Hong Kong’s urban renewal chief defends costly plan to buy up To Kwa Wan property for redevelopment
Move to purchase residential units at record-breaking price part of authority’s profit-making plans, Wai Chi-sing says
The Urban Renewal Authority’s chief has defended the body’s proposal to acquire old residential units in To Kwa Wan at a record price of HK$15,900 per square foot, saying the decision was made with reference to the property prices in the area and established mechanisms.
Wai Chi-sing, managing director of the authority, also warned that the body could be facing financial deficit in six to seven years’ time if its profits could not support its new projects.
The URA has been planning to demolish three groups of old residents buildings in To Kwa Wan, and redevelop the area into private housing flats. It announced on Wednesday that it would pay each of the hundreds of affected landlords a record-setting HK$15,916 per square foot so that the project can get underway.
Critics were concerned that the record price means that the authority will be building yet another luxury residential complex “to make profit”.
But Wai told TVB’s On the Record programme on Sunday that the authority was simply following the established rules, making reference to the property price in To Kwa Wan, and independent consultants’ reports.
“I tried not to use the word ‘profit-making’, but we do need make revenue, otherwise we cannot continue to purchase old buildings, and to renew them,” he said, in a reference to the authority’s obligation to be self-financing and not reliant on the government.
Wai also said the authority needed to make sure that its financial reserve was large enough before another economic downturn hits Hong Kong’s property market.
“If we are purchasing [old] units at a high price, and selling [redeveloped] units at a low price, and we were not well-prepared for it, it is very likely that we will … have a very huge deficit,” Wai said.
In July, the authority announced a HK$1.3 billion plan to tear down a cluster of dilapidated buildings in Sai Ying Pun to provide 165 new flats and thousands of sq ft in commercial floor area and open space by 2027.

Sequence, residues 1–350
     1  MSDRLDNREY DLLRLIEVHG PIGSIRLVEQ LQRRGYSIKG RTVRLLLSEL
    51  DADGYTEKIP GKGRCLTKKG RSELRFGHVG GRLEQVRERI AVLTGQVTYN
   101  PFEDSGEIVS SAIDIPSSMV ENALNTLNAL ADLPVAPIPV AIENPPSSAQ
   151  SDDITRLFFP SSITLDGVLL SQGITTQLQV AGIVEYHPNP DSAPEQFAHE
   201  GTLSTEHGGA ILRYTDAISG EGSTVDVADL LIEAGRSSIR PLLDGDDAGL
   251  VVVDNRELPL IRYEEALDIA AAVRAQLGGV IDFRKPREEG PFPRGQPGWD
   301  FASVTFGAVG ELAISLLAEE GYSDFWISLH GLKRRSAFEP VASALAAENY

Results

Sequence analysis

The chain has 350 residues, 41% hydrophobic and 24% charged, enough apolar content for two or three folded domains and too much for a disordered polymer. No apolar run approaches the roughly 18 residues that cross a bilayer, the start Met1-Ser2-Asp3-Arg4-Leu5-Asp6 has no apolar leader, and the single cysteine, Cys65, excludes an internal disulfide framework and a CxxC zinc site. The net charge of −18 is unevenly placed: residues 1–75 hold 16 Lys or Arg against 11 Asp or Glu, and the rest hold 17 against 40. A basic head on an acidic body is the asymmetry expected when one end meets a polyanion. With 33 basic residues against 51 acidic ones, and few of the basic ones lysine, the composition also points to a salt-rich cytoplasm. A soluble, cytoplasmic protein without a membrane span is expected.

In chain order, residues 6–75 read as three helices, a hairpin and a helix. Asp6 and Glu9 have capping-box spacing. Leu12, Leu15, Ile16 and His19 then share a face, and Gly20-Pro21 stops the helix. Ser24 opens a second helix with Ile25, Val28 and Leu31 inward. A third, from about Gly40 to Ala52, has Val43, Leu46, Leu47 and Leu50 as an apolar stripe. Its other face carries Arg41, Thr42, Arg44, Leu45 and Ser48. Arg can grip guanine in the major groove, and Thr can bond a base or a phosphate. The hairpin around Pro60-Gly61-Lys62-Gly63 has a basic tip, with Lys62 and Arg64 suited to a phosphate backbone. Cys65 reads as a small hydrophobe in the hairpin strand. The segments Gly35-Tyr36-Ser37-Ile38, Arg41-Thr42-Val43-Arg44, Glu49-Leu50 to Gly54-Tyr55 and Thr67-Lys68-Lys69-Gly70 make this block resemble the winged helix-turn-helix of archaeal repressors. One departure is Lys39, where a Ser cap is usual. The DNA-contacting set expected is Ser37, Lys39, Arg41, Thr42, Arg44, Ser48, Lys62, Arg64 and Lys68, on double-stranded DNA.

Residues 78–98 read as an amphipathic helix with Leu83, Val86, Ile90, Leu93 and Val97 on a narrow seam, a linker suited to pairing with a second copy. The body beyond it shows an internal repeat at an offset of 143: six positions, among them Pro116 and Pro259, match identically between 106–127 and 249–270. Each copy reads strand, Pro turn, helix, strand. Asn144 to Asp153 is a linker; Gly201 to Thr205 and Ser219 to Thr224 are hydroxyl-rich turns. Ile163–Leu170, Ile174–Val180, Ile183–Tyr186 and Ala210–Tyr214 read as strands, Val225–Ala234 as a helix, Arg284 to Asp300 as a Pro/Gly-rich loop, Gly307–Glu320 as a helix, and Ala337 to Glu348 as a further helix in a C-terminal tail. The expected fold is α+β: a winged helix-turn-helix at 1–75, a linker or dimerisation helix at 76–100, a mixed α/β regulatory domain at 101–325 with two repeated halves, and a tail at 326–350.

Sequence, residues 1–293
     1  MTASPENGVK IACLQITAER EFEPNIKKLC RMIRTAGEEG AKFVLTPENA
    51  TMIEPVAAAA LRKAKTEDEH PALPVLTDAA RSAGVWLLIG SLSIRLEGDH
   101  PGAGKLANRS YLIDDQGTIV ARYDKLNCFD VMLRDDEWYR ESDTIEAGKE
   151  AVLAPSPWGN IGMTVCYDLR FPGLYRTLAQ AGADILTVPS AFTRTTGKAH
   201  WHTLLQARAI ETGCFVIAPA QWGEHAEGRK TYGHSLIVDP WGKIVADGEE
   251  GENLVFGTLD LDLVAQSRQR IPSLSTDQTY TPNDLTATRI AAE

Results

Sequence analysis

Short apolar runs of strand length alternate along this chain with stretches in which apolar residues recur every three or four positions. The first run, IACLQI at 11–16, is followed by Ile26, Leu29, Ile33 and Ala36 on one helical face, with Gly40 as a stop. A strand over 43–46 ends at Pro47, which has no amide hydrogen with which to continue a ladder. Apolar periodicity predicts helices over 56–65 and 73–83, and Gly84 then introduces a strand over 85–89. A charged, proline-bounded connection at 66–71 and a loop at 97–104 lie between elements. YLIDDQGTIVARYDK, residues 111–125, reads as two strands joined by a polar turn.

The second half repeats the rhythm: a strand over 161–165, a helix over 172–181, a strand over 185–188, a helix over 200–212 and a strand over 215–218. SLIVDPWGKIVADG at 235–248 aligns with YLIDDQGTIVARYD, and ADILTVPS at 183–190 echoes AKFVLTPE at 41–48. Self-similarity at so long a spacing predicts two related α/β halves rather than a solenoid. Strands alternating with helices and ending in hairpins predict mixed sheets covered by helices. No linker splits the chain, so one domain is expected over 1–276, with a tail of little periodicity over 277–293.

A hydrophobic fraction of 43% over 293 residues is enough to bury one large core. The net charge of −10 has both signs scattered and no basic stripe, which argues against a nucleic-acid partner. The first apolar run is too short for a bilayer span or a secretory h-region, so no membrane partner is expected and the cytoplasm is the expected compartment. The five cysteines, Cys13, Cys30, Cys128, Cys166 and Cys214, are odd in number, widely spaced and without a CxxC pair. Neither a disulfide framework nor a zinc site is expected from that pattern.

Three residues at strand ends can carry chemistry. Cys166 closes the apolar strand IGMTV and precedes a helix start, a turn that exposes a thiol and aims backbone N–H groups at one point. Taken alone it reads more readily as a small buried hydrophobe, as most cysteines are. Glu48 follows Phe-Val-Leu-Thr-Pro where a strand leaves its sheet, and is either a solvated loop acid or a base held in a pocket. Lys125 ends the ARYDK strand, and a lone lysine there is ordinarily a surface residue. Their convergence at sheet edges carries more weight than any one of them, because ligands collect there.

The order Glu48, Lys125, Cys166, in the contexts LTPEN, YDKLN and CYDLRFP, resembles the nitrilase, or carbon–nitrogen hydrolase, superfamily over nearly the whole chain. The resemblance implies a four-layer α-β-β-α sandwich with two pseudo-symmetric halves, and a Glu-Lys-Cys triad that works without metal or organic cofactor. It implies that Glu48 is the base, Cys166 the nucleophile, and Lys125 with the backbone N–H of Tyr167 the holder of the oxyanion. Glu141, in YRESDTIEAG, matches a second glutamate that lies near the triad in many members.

In a reference to the project, Wai said: “I believe we will set yet another new record when we announce the purchase price early next year.”
But Wai also estimated that the authority could face a deficit in six to seven years as the limited plot ratio in old neighbourhoods would hinder the “redevelopment potential” of the authority’s future projects.
“We have been using the revenue from past projects to subsidise new ones, and there will be a deficit when the subsidy is not large enough … It will appear even if there is little change and stable development in the property market,” he said.
The last time that the authority ran into a deficit was in 2013-14, when it amounted to HK$2.27 billion. From 2014-15 to 2016-17, its yearly surplus ranged from HK$1.1 billion to HK$4.4 billion. By March this year, its accumulated surplus and net assets amounting to HK$22.6 billion and HK$32.6 billion, respectively.
But Wai said only about half of the net assets was the authority’s cash flow, while the remaining half were from old buildings, which are “not that valuable”, owned by the authority.
“I think our level of net assets was still quite low,” he said, adding that the authority need to purchase more old buildings “to keep up with the pace of urban decay”.